Has the Profession Changed Since the Future of Nursing Report?
It’s been almost a decade since the Institute of Medicine—now the National Academies of Medicine (NAM)—released The Future of Nursing: Leading Change, Advancing Health report. Although many aspects of the nursing profession have been enhanced, still others are woefully lacking in change. Healthcare workplace safety incidents are still too high—up to 12 times higher than in the overall workforce—educational opportunities are still too expensive, and scope-of-practice authority is still too limiting in many states—all of which are ONS policy priorities.
As more elected officials become nurse champions, we have hope for future change, but plenty of work still must be done. Former Department of Health and Human Services Secretary and current U.S. Representative Donna Shalala (D-FL) has spoken to numerous nursing groups about taking up the mantle for nurses. ONS is working with Shalala’s staff about how to review and expand elements of the 2010 NAM report, and many healthcare advocates are certain that nursing’s time is now. Lend your voice to the advocacy effort and help advance the nursing profession.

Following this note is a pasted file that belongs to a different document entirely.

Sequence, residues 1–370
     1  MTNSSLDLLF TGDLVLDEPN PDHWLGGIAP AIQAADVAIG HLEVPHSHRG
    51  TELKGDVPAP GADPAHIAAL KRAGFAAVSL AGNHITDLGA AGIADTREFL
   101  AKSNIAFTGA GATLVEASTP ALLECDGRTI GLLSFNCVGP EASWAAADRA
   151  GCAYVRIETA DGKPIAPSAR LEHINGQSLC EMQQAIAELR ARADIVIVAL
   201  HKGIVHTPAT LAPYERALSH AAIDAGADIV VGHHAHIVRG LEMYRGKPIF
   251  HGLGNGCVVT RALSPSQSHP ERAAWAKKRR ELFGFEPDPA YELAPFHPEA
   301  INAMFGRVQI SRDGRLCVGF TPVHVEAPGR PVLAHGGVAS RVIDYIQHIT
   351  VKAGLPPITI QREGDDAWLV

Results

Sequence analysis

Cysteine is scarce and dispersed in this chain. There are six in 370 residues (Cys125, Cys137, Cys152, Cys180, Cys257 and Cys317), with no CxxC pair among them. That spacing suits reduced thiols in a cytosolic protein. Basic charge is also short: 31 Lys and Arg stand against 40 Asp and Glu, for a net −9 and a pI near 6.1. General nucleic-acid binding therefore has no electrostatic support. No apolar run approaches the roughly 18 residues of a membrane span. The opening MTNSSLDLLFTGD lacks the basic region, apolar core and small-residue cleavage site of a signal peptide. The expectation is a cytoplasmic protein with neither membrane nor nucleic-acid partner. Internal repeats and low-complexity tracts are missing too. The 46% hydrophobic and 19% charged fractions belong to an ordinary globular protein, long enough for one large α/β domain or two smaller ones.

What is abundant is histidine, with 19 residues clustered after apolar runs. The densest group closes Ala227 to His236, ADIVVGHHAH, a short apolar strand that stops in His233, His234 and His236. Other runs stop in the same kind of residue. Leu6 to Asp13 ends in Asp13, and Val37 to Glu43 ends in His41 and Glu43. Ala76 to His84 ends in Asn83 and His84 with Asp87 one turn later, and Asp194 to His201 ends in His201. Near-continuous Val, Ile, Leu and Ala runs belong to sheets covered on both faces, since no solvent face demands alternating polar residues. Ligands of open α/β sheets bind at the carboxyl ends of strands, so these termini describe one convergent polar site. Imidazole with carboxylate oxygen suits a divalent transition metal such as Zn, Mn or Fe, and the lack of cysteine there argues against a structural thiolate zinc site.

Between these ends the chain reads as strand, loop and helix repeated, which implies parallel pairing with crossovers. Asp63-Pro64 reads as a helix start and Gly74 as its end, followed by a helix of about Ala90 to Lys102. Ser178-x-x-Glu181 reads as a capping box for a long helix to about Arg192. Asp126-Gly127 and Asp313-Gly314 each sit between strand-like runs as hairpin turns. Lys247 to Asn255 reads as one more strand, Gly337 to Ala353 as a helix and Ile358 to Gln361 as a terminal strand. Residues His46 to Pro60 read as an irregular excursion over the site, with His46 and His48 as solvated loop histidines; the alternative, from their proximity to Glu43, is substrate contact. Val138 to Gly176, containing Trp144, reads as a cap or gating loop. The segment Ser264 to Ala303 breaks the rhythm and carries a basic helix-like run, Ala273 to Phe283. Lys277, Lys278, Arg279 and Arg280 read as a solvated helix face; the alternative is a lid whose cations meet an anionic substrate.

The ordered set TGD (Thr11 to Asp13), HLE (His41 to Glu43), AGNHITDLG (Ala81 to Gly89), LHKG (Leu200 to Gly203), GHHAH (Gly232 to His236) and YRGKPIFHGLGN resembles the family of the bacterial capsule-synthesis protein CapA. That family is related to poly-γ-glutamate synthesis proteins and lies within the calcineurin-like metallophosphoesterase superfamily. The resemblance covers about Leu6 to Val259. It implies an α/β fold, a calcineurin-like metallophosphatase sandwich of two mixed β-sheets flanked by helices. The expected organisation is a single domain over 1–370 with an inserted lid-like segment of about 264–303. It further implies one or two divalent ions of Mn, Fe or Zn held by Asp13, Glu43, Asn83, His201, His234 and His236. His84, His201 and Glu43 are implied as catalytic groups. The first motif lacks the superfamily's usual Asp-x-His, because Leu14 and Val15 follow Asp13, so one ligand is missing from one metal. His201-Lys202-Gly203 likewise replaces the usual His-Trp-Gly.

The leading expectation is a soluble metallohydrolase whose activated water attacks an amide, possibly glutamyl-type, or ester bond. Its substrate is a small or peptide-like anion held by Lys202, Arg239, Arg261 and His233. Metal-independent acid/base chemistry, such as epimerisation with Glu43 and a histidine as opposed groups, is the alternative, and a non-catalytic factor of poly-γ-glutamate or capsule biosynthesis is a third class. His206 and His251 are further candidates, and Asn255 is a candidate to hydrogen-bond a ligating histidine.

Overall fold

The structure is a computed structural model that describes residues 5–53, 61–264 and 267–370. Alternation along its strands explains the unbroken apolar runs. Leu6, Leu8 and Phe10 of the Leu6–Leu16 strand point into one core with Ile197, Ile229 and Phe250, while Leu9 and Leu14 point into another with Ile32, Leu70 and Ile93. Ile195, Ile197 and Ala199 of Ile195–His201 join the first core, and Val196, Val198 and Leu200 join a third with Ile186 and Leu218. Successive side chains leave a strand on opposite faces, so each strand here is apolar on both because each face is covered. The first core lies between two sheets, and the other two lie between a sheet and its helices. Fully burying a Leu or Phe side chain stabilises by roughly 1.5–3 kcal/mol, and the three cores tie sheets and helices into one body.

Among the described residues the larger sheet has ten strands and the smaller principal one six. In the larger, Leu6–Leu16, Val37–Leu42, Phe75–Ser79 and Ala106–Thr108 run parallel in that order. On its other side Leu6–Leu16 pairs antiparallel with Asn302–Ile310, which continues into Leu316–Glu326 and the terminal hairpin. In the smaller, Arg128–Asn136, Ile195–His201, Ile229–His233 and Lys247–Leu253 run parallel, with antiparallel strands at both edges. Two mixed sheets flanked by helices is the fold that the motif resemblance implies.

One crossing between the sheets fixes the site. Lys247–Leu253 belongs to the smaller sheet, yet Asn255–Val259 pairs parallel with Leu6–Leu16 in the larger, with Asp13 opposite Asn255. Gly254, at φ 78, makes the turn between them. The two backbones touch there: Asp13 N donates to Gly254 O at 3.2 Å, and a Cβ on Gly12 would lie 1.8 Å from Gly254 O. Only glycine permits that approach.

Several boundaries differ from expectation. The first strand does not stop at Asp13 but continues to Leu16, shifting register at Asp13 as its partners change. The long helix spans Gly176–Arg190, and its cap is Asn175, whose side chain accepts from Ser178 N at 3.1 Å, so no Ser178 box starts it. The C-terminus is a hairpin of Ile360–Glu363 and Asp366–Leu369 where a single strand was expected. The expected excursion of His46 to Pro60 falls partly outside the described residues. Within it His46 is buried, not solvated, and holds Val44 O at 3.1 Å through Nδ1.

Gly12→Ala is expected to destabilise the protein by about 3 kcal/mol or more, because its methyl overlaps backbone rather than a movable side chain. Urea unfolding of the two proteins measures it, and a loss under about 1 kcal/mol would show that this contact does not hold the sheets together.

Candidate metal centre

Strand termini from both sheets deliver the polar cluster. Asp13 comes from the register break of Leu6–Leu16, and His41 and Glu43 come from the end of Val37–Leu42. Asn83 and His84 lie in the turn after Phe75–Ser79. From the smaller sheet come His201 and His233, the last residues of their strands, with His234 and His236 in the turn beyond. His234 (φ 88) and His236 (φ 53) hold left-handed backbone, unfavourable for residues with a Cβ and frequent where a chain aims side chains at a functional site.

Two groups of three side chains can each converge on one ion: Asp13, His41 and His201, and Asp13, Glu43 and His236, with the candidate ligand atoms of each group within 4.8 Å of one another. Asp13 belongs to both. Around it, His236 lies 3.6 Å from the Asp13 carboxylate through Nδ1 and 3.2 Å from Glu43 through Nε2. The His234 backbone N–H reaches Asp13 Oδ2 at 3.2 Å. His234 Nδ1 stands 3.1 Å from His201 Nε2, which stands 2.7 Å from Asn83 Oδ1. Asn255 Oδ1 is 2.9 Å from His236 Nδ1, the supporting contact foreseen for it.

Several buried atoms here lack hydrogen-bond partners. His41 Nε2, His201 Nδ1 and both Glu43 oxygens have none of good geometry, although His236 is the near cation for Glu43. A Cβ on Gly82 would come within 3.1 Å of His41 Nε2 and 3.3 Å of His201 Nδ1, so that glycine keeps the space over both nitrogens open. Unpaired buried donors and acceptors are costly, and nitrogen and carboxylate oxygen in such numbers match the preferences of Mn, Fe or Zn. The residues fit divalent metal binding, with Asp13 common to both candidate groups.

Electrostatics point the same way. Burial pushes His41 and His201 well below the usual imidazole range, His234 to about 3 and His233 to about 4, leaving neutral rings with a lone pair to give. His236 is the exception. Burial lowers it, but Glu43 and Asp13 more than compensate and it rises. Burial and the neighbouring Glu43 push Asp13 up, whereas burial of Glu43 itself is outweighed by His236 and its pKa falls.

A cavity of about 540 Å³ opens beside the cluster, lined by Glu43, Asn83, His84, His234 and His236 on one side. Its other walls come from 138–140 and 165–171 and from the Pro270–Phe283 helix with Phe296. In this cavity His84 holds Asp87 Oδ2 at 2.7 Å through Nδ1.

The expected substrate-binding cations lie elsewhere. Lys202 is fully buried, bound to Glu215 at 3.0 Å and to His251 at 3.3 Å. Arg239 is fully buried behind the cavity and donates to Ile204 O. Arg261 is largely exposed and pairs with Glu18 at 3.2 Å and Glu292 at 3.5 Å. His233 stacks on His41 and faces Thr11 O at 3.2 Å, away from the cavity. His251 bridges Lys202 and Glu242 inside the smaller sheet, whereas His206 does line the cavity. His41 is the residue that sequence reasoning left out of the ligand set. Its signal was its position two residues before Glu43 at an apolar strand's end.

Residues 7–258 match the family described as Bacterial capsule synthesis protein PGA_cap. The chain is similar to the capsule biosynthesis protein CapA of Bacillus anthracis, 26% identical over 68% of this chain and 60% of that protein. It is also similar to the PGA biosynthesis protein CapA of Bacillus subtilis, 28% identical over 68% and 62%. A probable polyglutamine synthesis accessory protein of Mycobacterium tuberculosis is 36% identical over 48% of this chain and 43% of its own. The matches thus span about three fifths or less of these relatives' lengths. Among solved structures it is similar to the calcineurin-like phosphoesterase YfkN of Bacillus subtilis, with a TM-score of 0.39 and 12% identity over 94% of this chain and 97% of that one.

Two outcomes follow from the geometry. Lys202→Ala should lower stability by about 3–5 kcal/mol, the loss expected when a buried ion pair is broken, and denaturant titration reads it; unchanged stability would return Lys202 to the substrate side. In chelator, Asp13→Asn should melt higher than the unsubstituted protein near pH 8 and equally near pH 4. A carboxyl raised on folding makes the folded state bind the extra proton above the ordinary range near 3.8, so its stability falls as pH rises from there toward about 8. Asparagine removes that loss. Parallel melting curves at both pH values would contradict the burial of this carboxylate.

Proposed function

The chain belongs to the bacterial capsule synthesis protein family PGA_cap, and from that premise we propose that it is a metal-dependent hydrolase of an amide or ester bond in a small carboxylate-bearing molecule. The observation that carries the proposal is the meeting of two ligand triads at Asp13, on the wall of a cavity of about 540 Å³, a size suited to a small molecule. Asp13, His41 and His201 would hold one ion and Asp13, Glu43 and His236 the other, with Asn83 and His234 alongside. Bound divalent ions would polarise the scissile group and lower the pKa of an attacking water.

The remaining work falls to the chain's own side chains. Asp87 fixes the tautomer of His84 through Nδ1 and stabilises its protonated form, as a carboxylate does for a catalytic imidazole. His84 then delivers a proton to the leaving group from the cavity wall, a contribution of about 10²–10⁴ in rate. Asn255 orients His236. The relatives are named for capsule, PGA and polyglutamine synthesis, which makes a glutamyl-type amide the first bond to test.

One in Ten U.S. Adults Ration High-Cost Medication
Nurses know full well that adherence to protocol is crucial to success cancer care—and is sometimes only as reliable as a patient’s wallet. A recent survey uncovered that more than 10% of U.S. adults have reported rationing their prescription medication because of high costs and financial burdens. If insurance won’t cover a medication and if the out-of-pocket price is simply too much to bear, patients attempt to find alternative mechanisms to treat their own disease.
The survey results simply confirm what too many providers suspect: patients often cannot afford the cost of their full treatment and believe that smaller doses will be enough to get them through. It’s stories like these that nurses must continue to share on Capitol Hill in meetings with legislators to educate them about the real-world issues that patients with cancer face. This kind of evidence is what elected officials need to see to inform policy change.
Guthrie Introduces Bipartisan Cancer Drug Parity Act
ONS has championed the Cancer Drug Parity Act as part of its policy work for some time now, and on March 14, 2019, Representative Brett Guthrie (R-KY), along with three other bipartisan House members, reintroduced the legislation for the 116th session of Congress. Oral cancer agents have become a popular, effective, convenient option in treatment, and the parity bill would require insurance companies to pay for oral agents in the same way IV drugs are covered.
Patients whose only options are oral medications—whether for access or other circumstances—currently face higher costs than those who receive IV agents. Many hope the bill will level the playing field and ensure that patients can access the best medications for their circumstances and diagnoses. ONS advocates will continue to educate their elected officials about the importance of drug parity and its impact on patients with cancer.